This is the second part of my series on deploying a Django app to Kubernetes.
Click here to read the first part, where I walked through containerizing a Django app and running it on Kubernetes with just the in-memory cache and SQLite database.
There’s a lot of steps to walk through in this tutorial, and I usually don’t get them 100% right myself.
Here are some useful commands to remember if you run into problems:kubectl logs will show the standard output/error of the container, which is usually the first place I look for problems.
This document describes in detail how to achieve this goal, using one of Ansible’s most complete example playbooks as a template: lamp_haproxy.
This example uses a lot of Ansible features: roles, templates, and group variables, and it also comes with an orchestration playbook that can do zero-downtime rolling upgrades of the web application stack.
That’s the software built by server-side scripts, languages that build your site behind the scenes. To provide a seamless experience for the user that’s as close to a desktop application as possible.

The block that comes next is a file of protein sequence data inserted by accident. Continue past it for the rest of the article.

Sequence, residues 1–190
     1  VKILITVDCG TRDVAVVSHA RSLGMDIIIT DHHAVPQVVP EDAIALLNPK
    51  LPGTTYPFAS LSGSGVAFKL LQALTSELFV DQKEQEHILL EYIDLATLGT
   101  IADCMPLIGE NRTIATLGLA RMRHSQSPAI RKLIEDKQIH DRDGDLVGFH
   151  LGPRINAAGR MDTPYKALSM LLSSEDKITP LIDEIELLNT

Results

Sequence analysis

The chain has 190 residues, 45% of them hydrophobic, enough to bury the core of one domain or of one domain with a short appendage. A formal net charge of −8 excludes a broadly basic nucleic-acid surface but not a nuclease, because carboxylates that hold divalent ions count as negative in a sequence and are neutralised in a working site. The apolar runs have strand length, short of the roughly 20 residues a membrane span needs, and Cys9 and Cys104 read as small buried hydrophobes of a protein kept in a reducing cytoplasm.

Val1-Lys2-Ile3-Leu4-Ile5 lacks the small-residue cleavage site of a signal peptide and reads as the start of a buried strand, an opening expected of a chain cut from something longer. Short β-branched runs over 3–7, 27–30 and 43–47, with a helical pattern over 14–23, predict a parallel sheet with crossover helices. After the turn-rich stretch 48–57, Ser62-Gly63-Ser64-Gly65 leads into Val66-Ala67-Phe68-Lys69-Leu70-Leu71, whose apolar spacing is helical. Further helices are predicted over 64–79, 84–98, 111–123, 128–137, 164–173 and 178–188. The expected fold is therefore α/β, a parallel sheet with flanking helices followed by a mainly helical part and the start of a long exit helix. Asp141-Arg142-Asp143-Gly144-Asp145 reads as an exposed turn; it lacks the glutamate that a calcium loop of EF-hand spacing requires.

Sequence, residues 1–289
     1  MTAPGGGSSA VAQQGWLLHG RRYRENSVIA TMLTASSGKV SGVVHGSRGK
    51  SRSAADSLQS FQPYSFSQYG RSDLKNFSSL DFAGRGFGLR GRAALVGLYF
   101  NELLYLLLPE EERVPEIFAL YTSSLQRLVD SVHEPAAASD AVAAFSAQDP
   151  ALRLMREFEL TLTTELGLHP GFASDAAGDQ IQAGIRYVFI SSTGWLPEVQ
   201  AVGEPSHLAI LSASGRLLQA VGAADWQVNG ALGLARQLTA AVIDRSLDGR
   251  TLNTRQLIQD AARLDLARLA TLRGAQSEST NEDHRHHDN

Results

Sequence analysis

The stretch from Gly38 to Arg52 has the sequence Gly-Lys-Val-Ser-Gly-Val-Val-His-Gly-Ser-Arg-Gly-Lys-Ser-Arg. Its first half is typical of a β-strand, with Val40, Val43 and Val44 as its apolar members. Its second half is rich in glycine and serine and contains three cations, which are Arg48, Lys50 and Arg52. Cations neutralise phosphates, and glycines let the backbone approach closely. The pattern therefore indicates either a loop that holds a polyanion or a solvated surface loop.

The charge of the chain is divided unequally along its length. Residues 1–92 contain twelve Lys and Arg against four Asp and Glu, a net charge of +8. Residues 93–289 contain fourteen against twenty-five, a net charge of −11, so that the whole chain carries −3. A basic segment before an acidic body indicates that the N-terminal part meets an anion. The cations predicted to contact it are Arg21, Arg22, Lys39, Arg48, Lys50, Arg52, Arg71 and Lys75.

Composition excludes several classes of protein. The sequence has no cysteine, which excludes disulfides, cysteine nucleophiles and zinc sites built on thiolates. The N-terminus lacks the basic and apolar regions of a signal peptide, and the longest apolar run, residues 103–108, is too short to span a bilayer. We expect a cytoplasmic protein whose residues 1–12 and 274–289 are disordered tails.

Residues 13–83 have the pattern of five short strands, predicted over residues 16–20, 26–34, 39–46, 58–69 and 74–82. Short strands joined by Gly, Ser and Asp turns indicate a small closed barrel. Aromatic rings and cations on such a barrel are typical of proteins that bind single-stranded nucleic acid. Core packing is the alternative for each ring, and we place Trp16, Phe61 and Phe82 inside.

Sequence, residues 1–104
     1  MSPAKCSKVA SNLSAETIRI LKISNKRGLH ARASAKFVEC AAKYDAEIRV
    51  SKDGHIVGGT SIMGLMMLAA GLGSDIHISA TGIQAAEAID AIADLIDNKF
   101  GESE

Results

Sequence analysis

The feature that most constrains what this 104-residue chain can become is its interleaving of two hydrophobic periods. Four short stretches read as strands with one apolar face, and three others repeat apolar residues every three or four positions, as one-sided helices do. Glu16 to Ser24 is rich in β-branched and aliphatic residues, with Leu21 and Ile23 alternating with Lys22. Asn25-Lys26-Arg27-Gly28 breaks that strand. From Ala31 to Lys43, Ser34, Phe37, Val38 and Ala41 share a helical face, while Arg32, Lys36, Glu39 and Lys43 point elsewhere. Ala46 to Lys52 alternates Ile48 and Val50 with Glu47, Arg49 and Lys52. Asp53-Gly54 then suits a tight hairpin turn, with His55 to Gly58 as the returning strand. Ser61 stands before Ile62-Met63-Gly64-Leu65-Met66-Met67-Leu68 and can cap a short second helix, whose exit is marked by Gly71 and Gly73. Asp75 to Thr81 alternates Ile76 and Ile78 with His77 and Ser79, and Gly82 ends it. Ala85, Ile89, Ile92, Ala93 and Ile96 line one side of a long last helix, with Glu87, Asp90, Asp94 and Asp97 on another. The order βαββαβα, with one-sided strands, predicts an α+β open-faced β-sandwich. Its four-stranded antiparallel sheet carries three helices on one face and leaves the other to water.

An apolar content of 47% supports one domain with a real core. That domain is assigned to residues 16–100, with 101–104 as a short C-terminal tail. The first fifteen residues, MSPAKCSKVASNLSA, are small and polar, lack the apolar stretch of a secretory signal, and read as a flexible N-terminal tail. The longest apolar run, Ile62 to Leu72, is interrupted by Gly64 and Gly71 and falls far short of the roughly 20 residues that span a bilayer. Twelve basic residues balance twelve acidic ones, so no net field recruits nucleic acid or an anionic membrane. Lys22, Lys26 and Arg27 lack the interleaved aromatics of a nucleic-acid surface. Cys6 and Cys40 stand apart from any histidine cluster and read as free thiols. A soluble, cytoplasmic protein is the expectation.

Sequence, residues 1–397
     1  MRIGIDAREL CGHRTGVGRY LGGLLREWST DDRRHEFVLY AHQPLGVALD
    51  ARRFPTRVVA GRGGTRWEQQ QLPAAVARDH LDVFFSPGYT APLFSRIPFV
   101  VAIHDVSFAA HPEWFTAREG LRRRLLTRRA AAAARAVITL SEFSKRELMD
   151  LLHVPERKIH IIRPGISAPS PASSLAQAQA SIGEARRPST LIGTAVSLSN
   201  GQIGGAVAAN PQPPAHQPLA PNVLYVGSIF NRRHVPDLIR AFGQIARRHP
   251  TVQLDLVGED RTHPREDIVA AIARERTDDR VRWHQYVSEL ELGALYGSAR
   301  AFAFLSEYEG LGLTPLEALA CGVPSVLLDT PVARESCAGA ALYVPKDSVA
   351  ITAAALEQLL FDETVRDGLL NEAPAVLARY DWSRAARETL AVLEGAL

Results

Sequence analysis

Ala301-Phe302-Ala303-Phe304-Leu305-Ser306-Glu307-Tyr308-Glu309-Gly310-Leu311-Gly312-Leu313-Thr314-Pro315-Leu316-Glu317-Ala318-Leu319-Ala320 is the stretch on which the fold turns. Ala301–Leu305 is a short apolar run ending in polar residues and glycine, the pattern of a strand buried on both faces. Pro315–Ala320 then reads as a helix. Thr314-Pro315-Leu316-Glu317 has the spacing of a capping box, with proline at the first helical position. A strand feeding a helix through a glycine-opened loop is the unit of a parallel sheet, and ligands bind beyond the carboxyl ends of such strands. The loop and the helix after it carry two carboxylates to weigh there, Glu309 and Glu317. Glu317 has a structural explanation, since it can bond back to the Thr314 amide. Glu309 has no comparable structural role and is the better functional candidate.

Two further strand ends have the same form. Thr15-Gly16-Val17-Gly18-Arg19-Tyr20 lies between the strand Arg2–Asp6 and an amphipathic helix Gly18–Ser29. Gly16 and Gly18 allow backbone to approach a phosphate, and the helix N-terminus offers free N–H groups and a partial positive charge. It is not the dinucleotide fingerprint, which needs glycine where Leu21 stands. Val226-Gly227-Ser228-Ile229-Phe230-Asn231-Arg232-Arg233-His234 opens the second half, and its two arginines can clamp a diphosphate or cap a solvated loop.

There are many server-side languages working toward that end goal.
Instead, we’re going to take a close look at every part of the playbook and describe what it does. This is for site-wide things like yum repository configuration, firewall configuration, and anything else that needs to apply to all of the servers.Continuous Delivery is the concept of frequently delivering updates to your software application.The idea is that by updating more often, you do not have to wait for a specific timed period, and your organization gets better at the process of responding to change.When you type in a URL, lots of code is at work to bring a page to your screen.What connects your site’s database to the browser, creating a smooth, user-friendly experience?